The American economists Paul M. Romer and Willian D. Nordhaus received today the announcement of the Nobel Prize in Economics with gratitude, but at the same time sending a message, the importance of fighting against climate change and the greater weight of proven scientific facts in front of opinions.
Paul Romer warned, in a press conference in New York, that "today it is a problem that people think that protecting the environment will be so costly and so difficult that they will want to ignore the problem and pretend that it does not exist."
"But human beings are able to achieve amazing achievements if we propose," Romer said, surrounded by his fellow professors at the University of New York, and explained that he did not answer the phone when it rang in the early morning thinking it was a phone call. 'spam'
Then he verified who the call was from and saw that it came from Sweden, so he returned the call and, after waiting, he knew he had won the Nobel Prize.
The Nobel Prize for Economics awarded Nordhaus and Romer today for constructing models that explain the interactions of the market economy with nature and knowledge.
The Royal Swedish Academy of Sciences highlighted in its ruling its methodological contributions, which provide "basic perceptions of causes and consequences of technological innovation and climate change", and represent an advance in the response to how to achieve sustained and sustainable growth in a market economy.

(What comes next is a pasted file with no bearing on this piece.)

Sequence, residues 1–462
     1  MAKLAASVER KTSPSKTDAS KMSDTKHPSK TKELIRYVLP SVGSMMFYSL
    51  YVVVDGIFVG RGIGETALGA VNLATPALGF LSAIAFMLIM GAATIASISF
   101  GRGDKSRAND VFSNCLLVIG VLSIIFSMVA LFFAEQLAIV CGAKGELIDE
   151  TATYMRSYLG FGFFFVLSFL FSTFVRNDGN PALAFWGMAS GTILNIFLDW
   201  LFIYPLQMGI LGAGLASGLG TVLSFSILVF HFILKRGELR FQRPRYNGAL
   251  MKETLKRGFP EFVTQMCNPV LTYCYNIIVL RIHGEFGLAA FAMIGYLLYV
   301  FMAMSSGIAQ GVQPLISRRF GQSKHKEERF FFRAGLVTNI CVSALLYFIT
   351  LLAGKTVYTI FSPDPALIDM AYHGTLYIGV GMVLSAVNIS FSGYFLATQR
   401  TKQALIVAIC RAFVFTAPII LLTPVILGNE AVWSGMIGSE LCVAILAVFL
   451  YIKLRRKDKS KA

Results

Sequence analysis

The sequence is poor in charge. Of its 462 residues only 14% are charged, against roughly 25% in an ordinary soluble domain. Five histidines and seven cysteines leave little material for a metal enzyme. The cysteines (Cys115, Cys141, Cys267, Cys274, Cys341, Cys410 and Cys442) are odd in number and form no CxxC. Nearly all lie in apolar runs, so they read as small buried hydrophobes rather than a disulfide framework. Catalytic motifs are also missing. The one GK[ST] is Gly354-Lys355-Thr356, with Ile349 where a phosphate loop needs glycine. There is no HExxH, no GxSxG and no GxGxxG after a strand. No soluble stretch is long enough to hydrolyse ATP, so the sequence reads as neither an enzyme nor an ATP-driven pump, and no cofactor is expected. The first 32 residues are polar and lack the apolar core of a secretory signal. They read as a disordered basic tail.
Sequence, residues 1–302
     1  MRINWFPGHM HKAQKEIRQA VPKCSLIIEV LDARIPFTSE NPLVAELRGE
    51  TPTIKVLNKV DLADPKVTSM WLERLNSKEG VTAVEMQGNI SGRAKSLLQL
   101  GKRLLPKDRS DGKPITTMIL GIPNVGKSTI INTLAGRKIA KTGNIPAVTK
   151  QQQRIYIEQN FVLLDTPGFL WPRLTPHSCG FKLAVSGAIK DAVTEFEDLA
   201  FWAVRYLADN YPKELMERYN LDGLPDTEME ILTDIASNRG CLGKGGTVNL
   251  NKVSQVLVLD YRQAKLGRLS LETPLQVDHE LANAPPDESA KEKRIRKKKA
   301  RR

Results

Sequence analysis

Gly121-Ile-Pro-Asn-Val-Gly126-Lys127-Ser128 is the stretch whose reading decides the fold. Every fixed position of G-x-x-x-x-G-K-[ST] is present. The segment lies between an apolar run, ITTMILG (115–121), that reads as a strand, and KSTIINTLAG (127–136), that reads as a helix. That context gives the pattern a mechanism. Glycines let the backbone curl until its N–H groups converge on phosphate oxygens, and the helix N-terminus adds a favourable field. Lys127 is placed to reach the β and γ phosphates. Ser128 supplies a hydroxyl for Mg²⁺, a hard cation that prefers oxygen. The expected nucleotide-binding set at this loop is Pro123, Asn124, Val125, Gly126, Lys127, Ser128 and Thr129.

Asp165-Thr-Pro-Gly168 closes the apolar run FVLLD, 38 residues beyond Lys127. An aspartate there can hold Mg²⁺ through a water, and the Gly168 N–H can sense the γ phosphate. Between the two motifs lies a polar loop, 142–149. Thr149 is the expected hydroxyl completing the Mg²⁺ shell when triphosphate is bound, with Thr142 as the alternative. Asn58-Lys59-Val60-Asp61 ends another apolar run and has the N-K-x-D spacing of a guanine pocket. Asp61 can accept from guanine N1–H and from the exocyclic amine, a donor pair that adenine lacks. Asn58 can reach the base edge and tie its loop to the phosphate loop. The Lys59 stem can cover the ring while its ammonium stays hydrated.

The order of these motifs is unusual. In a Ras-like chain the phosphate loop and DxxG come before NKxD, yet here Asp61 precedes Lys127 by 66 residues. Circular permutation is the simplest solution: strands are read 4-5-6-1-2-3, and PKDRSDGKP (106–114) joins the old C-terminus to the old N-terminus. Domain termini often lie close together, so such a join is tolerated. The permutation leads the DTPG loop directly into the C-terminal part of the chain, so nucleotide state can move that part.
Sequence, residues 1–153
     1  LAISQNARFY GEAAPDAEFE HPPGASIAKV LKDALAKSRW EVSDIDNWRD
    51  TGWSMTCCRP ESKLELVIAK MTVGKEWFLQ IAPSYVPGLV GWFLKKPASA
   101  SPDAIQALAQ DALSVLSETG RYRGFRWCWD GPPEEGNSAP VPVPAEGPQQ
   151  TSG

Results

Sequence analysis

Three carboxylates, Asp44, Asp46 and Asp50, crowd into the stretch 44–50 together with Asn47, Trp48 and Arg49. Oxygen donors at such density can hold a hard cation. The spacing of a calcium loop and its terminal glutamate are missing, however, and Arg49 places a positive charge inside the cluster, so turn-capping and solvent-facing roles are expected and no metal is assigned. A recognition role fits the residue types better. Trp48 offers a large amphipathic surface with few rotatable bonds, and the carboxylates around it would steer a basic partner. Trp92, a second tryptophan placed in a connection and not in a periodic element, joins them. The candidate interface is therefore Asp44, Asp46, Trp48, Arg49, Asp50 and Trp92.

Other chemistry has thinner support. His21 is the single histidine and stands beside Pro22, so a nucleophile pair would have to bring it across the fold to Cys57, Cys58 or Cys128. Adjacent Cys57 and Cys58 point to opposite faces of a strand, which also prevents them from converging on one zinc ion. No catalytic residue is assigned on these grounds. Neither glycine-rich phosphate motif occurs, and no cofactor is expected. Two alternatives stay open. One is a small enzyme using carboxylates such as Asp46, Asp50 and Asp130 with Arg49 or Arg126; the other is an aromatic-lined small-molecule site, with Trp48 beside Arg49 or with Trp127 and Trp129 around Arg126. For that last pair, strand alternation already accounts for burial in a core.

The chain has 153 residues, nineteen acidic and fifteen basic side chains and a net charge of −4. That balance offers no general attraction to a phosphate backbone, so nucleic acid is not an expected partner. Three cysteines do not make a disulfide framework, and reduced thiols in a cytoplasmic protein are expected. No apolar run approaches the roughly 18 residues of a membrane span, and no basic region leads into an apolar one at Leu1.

Regarding the refusal of some governments to accept the importance of climate change, such as the US, Romer said that "people have the right to have their own opinions, but not their own facts," and he expressed concern that "it seems that people are losing their commitment to the facts. "
"Science is what has made it easier for us to make statements about facts, it's the most important thing that people have invented," said Romer, who warned of the danger of looking the other way when academic frauds are detected.
For his part, Nordhaus, who works at Yale University, said he was honored to have received the Nobel Prize in Economics for his work in environmental economics, an issue he described as one of the biggest problems facing Humanity.
"I am grateful for the intellectual environment at Yale that has taught me as a student and nurtured as a professor and academic, and that has given me the freedom to dedicate my life to one of the most critical problems facing Humanity," he said. in a press conference.
The growing concern of the scientific community about the influence of fossil fuels on global warming led Nordhaus to begin studying in the 1970s the feedback loops between human activity and climate.
Combining basic theories and empirical data of physics, chemistry and economics, it was two decades later that he first designed simple quantitative models of how economy and climate interact, integrated assessment models (IAMs).